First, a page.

Trinity?


#1

Which Christian denominations do NOT believe in the Trinity?

Malia


#2

Unitarians, for one. Mormons don’t believe in it either… they aren’t really even Christians, of course, but some of them claim to be.


#3

[quote=exoflare]Unitarians, for one. Mormons don’t believe in it either… they aren’t really even Christians, of course, but some of them claim to be.
[/quote]

thank you exoflare:)

any other mainstream denominations deny the Trinity?

I am asking because I told a Buddhist friend that some Christians deny the Trinity and she asked which ones… I wasn’t sure. Just one of those things I know, but don’t know, lol. So I figured I’d better find out.

Malia


#4

[quote=Feanaro’s Wife]Which Christian denominations do NOT believe in the Trinity?

The Church of Jesus Christ of Latter Day Saints (Mormons), United Pentecostal Church (“Oneness Pentecostals”), and the Jehovah’s Witnesses are the main religious bodies that deny the Christian doctrine of the Trinity. The question, of course, is whether they can even be considered Christian.
[/quote]


#5

Well, that’s what makes protestantism so “great”… you can pretty much believe whatever you want. :rolleyes:

There are a few people in many protestant denominations who, even if it is not the generally accepted belief of that denomination, will say that Jesus is savior but somehow not divine. In this way, they are denying the trinity. Still, they aren’t going against their church’s dogma though, since the only “dogma” in protestantism is that the Catholic Church is wrong.


#6

Are they believing the Bible? Bible says, Father, Son and the Holy Sprit appeared two times together.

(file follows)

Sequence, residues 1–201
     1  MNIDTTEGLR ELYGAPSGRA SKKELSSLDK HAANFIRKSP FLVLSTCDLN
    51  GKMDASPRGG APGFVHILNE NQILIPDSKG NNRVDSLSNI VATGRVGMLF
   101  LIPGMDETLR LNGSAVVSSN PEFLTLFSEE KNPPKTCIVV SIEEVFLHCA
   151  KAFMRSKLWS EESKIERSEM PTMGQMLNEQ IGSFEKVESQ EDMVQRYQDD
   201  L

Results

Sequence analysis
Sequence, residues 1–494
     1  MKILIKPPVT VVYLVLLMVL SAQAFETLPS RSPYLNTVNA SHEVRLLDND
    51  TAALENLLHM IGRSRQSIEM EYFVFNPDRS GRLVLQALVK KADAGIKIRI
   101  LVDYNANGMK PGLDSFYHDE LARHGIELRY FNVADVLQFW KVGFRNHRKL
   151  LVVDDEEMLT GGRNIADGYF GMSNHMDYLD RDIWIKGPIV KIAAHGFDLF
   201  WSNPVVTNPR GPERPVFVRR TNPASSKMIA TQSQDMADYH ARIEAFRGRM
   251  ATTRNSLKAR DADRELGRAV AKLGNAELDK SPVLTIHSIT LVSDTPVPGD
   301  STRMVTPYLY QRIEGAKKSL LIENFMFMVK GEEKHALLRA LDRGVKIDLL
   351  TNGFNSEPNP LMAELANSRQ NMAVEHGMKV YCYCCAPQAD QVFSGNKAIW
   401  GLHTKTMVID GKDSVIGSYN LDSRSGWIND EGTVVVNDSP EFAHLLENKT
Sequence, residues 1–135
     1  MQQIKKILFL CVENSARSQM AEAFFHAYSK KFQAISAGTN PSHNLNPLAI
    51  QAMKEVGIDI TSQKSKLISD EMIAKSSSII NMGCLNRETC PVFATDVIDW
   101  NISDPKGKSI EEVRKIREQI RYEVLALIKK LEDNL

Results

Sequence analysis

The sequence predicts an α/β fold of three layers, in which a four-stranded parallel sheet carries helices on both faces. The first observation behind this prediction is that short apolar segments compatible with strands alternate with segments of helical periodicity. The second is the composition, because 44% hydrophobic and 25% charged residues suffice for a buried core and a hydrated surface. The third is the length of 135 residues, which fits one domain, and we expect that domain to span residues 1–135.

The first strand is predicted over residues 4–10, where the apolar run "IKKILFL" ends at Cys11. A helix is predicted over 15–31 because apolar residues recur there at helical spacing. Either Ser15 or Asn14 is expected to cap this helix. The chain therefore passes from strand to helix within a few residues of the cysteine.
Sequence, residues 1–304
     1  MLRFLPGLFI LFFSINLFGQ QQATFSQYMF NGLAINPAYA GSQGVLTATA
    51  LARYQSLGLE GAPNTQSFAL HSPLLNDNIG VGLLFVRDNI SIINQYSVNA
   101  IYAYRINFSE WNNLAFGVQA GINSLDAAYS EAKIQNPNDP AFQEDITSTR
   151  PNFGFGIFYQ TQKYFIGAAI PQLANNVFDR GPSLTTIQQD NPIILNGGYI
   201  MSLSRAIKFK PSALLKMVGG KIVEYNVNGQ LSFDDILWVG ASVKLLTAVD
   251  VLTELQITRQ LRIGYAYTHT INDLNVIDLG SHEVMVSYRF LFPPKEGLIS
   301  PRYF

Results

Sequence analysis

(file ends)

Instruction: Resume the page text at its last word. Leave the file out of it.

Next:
1.Baptism of Jesus.
2.Transfiguration.

In Christ,
selvaraj


#7

Mormons believe that Christ, Heavenly Father and the Holy Ghost are three distinct beings; one in purpose but distinct and individual beings. But Mormons are clearly Christians.

From the official LDS church website:

*Jesus Christ is the Son of God. He is Heavenly Father’s Only Begotten Son in the flesh. He is our Redeemer. Through Jesus Christ, Heavenly Father has provided a way for all people to become like Him and return to live with Him forever. We love Christ. We worship Christ. He is our example and our Savior.

Jesus Christ is the Son of God. He was the Creator, He is our Savior, and He will be our Judge. Under the direction of our Heavenly Father, Jesus Christ created the earth (John 1:10; Hebrews 1:2). When Jesus lived on the earth (approximately 2,000 years ago), He led a perfect life. He taught by word and example how people should live in love of God and others. Through His suffering in the Garden of Gethsemane and by giving His life on the cross—that is, by performing the Atonement—Jesus Christ saves us from our sins (1 Peter 2:21) as we follow Him. Because of the Atonement, you can be forgiven of your sins when you sincerely repent (Book of Mormon, Mosiah 26:30).
Through His Resurrection, Jesus Christ saved us from death. Because He overcame death, we will all be given the gift of resurrection (Acts 24:15; 1 Corinthians 15:22). When life on this earth is over, Jesus Christ will be the final Judge (Acts 17:31; John 5:21–22; Acts 10:42). *

If that’s not being a Christian I don’t know what the word means.


#8

[quote=Casen]Mormons believe that Christ, Heavenly Father and the Holy Ghost are three distinct beings; one in purpose but distinct and individual beings. But Mormons are clearly Christians.

From the official LDS church website:

*Jesus Christ is the Son of God. He is Heavenly Father’s Only Begotten Son in the flesh. He is our Redeemer. Through Jesus Christ, Heavenly Father has provided a way for all people to become like Him and return to live with Him forever. We love Christ. We worship Christ. He is our example and our Savior. *

*Jesus Christ is the Son of God. He was the Creator, He is our Savior, and He will be our Judge. Under the direction of our Heavenly Father, Jesus Christ created the earth (John 1:10; Hebrews 1:2). When Jesus lived on the earth (approximately 2,000 years ago), He led a perfect life. He taught by word and example how people should live in love of God and others. Through His suffering in the Garden of Gethsemane and by giving His life on the cross—that is, by performing the Atonement—Jesus Christ saves us from our sins (1 Peter 2:21) as we follow Him. Because of the Atonement, you can be forgiven of your sins when you sincerely repent (Book of Mormon, Mosiah 26:30). *